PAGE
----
NEW YORK, United States — Aeropostale Inc lost its bid to dismiss a lawsuit accusing the teen clothing retailer of defrauding shareholders in 2011 by hiding problems with excess inventory and slow sales that ultimately weighed on its earnings and stock price.
U.S. District Judge Colleen McMahon in Manhattan on Monday said the lead plaintiff, the city of Providence, Rhode Island, had raised a strong inference that the company, Chief Executive Thomas Johnson and Chief Financial Officer Marc Miller knew they were painting a “much rosier picture” than appropriate.
The plaintiffs said that as the truth became known, Aeropostale’s stock price slid more than 50 percent, wiping out about $1 billion of market value, and same-store sales had fallen by a double-digit percentage.
Aeropostale did not immediately respond on Tuesday to requests for comment.
According to the lawsuit, Aeropostale had been struggling in 2011 with excess back-to-school and holiday inventory from the previous year, and compounded its troubles by launching unpopular spring and summer clothing lines.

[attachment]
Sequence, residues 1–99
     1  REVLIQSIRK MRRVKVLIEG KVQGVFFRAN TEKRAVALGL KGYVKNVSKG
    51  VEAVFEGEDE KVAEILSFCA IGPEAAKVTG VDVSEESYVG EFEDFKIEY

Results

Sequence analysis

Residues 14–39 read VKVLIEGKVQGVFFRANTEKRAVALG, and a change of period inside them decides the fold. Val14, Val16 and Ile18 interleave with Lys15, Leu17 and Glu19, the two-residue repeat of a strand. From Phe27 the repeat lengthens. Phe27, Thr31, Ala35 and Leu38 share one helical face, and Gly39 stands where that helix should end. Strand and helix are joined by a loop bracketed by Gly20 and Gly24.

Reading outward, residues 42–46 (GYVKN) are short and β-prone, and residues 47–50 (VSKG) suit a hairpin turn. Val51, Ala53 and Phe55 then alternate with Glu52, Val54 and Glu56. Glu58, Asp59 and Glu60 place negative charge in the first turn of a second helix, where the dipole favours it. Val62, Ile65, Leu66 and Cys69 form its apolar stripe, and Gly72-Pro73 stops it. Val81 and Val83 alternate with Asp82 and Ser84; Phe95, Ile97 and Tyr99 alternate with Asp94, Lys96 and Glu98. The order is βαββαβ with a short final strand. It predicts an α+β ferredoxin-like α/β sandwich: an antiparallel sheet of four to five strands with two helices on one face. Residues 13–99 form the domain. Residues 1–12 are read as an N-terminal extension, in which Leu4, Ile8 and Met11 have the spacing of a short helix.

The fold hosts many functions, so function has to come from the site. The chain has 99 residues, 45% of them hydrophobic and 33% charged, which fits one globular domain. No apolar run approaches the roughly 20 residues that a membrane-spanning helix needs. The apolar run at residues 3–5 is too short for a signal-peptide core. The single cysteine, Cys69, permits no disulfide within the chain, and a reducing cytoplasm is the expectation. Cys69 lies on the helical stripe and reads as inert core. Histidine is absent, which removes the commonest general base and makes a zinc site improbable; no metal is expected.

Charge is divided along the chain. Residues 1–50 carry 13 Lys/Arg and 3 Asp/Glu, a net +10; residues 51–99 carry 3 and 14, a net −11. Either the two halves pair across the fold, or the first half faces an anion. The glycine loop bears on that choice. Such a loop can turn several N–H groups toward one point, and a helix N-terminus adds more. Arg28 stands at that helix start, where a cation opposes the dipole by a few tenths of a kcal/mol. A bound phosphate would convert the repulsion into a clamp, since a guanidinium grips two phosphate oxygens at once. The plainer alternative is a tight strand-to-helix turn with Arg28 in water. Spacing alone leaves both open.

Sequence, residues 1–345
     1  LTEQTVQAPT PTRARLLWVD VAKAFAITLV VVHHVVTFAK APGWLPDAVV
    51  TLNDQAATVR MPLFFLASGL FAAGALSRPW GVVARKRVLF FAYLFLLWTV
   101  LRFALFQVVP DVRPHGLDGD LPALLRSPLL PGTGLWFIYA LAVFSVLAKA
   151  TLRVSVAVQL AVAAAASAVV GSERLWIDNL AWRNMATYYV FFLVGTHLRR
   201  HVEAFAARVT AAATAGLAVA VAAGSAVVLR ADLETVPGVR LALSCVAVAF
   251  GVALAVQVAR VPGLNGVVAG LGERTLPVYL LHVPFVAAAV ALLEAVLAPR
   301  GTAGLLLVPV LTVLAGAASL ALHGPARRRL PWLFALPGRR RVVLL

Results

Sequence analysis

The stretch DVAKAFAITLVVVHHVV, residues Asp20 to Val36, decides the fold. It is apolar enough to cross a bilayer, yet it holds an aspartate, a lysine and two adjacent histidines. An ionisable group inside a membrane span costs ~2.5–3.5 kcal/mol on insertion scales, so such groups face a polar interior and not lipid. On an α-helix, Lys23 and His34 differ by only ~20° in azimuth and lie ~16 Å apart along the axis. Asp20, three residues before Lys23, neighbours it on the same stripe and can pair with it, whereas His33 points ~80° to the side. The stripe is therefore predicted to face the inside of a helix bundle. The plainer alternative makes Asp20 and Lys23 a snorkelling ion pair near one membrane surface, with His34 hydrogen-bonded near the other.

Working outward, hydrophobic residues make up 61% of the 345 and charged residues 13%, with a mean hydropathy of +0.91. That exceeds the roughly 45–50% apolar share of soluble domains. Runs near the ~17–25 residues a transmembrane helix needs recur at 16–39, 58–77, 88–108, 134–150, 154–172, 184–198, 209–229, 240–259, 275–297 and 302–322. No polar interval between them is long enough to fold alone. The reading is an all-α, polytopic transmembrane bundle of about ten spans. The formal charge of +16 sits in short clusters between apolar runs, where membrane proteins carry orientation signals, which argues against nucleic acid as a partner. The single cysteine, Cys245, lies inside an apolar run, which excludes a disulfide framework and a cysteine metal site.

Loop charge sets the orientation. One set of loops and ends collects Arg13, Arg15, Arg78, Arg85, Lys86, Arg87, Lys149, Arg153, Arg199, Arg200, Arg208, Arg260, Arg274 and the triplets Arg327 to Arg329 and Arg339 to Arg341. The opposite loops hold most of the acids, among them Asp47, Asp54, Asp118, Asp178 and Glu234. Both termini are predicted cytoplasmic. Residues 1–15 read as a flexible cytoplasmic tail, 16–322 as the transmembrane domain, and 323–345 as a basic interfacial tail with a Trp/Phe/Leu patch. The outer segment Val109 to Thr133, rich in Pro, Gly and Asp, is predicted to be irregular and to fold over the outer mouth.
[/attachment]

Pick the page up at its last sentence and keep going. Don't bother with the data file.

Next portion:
But the New York-based company remained publicly upbeat even after entering “full panic mode” in April 2011, with plans for unprecedented promotions and big discounts, the lawsuit said.
McMahon said Providence had sufficiently shown that the defendants knew they had made a “huge merchandising mistake,” even firing a merchandising director who had demonstrated a “disastrously wrong” fashion sense.
“Defendants could see that sales, not just of the holiday inventory, but of spring inventory, were poor and getting poorer,” McMahon wrote. “One can infer that defendants, having access to all this information and watching the downward trend, omitted to disclose all the information necessary to make their statements true and did so either recklessly or consciously – more likely the latter.”
Jonathan Gardner, a partner at Labaton Sucharow representing the lead plaintiff, said in a phone interview that the case will now proceed toward a possible trial.
“We were able to allege that they had access to information that was inconsistent with their public statements,” he said. “It was, at minimum, reckless behavior and constitutes securities fraud.”
The lawsuit seeks class-action status for purchasers of Aeropostale stock between March 11, 2011, and Aug. 18, 2011.
Aeropostale’s stock price fell from $23.05, its closing price at the start of the class period, to a close of $10.71 on the day after the period ended.
McMahon gave Providence 30 days to seek class certification.
Earlier this month, Aeropostale said it operates close to 1,100 stores in all 50 U.S. states, Puerto Rico and Canada.
In afternoon trading, Aeropostale shares were down 14 cents, or 1 percent, at $13.44 on the New York Stock Exchange.
The case is Providence v. Aeropostale Inc et al, U.S. District Court, Southern District of New York, No. 11-07132.